It hasn’t been a smooth road for the Outlawz. Early in their career they lost Tupac Shakur, who was both their mentor and the founder of the Outlawz, and experienced the death of another member, Kadafi, the same year. Add in a lack of mainstream recognition with a revolving door of members and you the makings of a perennial underdog title. However, being under-noticed in the rap game isn’t something that stunted the Outlawz reputation for delivering raw street music they call ghetto gospel, a term originated by their mentor. Nor, did it stop the members from working alongside big names in Hip-Hop and releasing several solo projects and mixtapes and earning a flock of devoted fans.Ready to ignite fire under the industry, EDI, Young Noble, Kastro and the newest member, Stormey, prepare for an August 5th release of their street LP, We Want In. Attempting to set the record straight, the last Outlawz standing EDI and Young Noble [minus Kastro] discuss their place in Hip-Hop, the Outlaw legacy, and what we want in really means. AllHipHop.com: People are talking about We Want In [co-directed by Young Noble], butthe album title seems more than just a title, it seems more like a statement.EDI: Well We Want In is a statement and basically it’s our way of speaking for the underground and all the cats that wanna get in this game, keep knocking on these doors and for whatever reason this whole Hip-Hop industry is like the cool kids in high school. If you ain’t dressing like the cool kids or if you ain’t doing what the cool kids is doing sometimes you get fronted on, you’re knocking on that door.It’s kinda cliquish in the Hip-Hop industry so when I was coming up with the hook and all that, I was just thinking like an underground, like what a n***a want to say to all the top n****s in the game that’s getting it. And in no way, shape or fashion are n****s trying to spark something where we dissing n****s and s**t and most of them n****s I named in the song are n****s I know personally and got a lot of love and respect for. Young Noble: It’s like we want in basically. EDI had come up with the hook and everything and we was gonna drop a street album before we dropped the Ghetto Gospel album, which is our next album that we’re working on and it’s basically the concept you know we want in, we’re just about to get a little more aggressive. It feels as music we’re not really getting our just due or even had a fair shot. The streets been holdin us down for the longest, our peers, our rap comrades they always show us love and the utmost respect it’s more so the motherf***ers who’s in charge of cutting them checks really. AllHipHop.com: Within the record industry like you said y’all are recognized, but not as much with the bigger picture, what do you think is the cause of that?EDI: Again, I don’t want to make it sound like we’re knocking on somebody’s door begging to get in because we’ve been in and all through this industry. And so its not really were knocking to get in. It’s more like a metaphor like I said speaking for the underground but if it’s a personal thing about the Outlawz; I would have to say when my homeboy ‘Pac left he pissed a lot of people off and some of those people are still in a position of power where they can make a phone call and say not today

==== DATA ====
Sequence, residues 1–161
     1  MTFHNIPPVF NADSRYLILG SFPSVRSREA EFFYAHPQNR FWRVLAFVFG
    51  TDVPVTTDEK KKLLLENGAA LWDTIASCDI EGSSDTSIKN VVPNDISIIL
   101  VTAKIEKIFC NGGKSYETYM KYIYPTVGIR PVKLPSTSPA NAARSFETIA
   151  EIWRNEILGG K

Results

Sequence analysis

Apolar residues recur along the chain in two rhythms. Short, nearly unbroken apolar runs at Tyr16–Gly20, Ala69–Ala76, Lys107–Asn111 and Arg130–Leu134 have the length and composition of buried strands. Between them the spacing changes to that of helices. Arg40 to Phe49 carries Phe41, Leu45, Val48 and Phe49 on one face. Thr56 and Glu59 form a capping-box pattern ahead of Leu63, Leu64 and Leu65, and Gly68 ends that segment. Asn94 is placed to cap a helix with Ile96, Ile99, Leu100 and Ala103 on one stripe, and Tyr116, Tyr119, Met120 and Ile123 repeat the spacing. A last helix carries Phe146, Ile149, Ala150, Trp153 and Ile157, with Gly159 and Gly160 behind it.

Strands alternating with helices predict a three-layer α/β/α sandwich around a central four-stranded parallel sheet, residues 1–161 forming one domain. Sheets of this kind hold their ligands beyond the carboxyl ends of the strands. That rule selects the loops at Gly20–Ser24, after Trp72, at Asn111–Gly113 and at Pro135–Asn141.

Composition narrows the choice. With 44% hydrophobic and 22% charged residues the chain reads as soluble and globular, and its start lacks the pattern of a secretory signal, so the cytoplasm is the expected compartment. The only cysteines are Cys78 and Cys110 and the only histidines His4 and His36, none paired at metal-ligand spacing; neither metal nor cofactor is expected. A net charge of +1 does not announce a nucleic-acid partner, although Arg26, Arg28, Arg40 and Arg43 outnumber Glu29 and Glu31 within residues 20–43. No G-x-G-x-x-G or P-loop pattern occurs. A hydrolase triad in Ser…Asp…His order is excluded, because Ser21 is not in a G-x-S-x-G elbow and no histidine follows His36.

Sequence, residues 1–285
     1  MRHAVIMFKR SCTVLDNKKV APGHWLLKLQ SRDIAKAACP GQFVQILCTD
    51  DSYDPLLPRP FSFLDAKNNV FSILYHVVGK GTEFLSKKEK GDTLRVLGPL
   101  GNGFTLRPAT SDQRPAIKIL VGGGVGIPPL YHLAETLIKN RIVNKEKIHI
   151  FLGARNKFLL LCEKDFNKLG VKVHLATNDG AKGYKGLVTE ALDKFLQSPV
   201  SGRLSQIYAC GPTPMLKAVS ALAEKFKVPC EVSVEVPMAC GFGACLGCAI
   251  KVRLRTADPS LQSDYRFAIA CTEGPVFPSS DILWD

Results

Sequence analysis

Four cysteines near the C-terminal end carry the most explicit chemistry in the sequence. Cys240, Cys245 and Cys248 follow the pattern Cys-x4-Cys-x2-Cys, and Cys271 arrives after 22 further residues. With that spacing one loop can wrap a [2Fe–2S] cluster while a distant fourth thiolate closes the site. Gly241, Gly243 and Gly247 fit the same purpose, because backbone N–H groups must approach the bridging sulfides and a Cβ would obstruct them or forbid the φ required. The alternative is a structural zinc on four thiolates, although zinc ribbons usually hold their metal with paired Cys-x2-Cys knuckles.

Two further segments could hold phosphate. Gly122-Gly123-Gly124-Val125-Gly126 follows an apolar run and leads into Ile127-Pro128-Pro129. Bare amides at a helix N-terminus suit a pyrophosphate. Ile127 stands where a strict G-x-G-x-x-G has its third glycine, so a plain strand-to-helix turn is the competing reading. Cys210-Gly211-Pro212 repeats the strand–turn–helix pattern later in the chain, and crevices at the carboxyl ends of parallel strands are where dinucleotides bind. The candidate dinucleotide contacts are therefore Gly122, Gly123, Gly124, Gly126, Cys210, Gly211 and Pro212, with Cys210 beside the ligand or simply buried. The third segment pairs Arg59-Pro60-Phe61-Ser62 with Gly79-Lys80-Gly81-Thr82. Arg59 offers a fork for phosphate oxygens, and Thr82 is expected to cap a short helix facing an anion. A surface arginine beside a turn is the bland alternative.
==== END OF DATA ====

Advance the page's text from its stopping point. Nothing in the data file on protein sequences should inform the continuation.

“The Outlawz what? Nah, we ain’t havin it”. AllHipHop.com: You guys have had a lot of solo projects and mixtapes. How hard was it or how easy was it to re-up again for this new album?Young Noble: It was really simple, we got like tons and tons of songs in the stash and we constantly working so it really wouldnt take nothing but a few days to put an album together better than 90% of these albums that’s out. That’s just what we do. Thats what ‘Pac taught us, the work ethic. We gotta work at something. I got like a chest in my house full of tapes and s**t so it was really simple. Our last album that came out was in 2005, we’ve been dropping a lot of collaboration projects. So since ’05 we pretty much been dropping collaboration projects instead of Outlawz projects so it was just time for us to drop something.AllHipHop.com: Most groups seem to experience a lot of ups and downs with members leaving. As far as the consistency, last album was 2005 [Outlaw 4 Life: 2005 A.P.], what has kept you together to keep making music together in this industry?EDI: That’s a good question, ’cause a lot of times this industry is definitely good at breaking groups up. Our group, I wouldn’t even say was broken up by the industry, like certain members just decided to take different paths in their life, it didn’t really have nothing to do with music. The Outlawz, the group was really the young dudes, Outlawz Immortalz included Outlawz together along with Tupac, but Outlawz itself was the young dudes. It’s me, Kastro, Noble and our homeboy Stormey that’s the newest member of the Outlawz and us together we’re still doing our thing. AllHipHop.com: Where would you say in Hip-Hop do the Outlawz fit in, or do you feel you fit in?Young Noble: I feel like we fit in where if you wanna hear some real music, inspiring thug s**t, this is what you come to. I’m telling you from what the perspective of the streets tell me all the years I’ve been doing this that’s what dudes hear from us when motherf***ers having them days and they need to feel inspired and they’re feeling like, “f**k life”, “f**k everything, the bills is due, my baby mama trippin,” f***ers just need some inspiration to feel better about themself to get to the next day. They pop in ‘Pac and the Outlawz and this is from dudes sending letters to our P.O box, dudes locked up, doing life in prison, real n****s, like killers, n***as ain’t no groupie n****s, n****s is taking their time out to write us a letter to let us know how our music inspire them to be better men and just get ’em through the day. When I first started doing music I didn’t think people really listened and paid attention like that. I really really didn’t until n****s started giving the feedback like motherf***ers really look at us like that so I feel that’s our position in the Hip-Hop, if you wanna hear some real s**t, not no extra hype bulls**t, n****s on some rapper s**t, n****s that spit real s**t.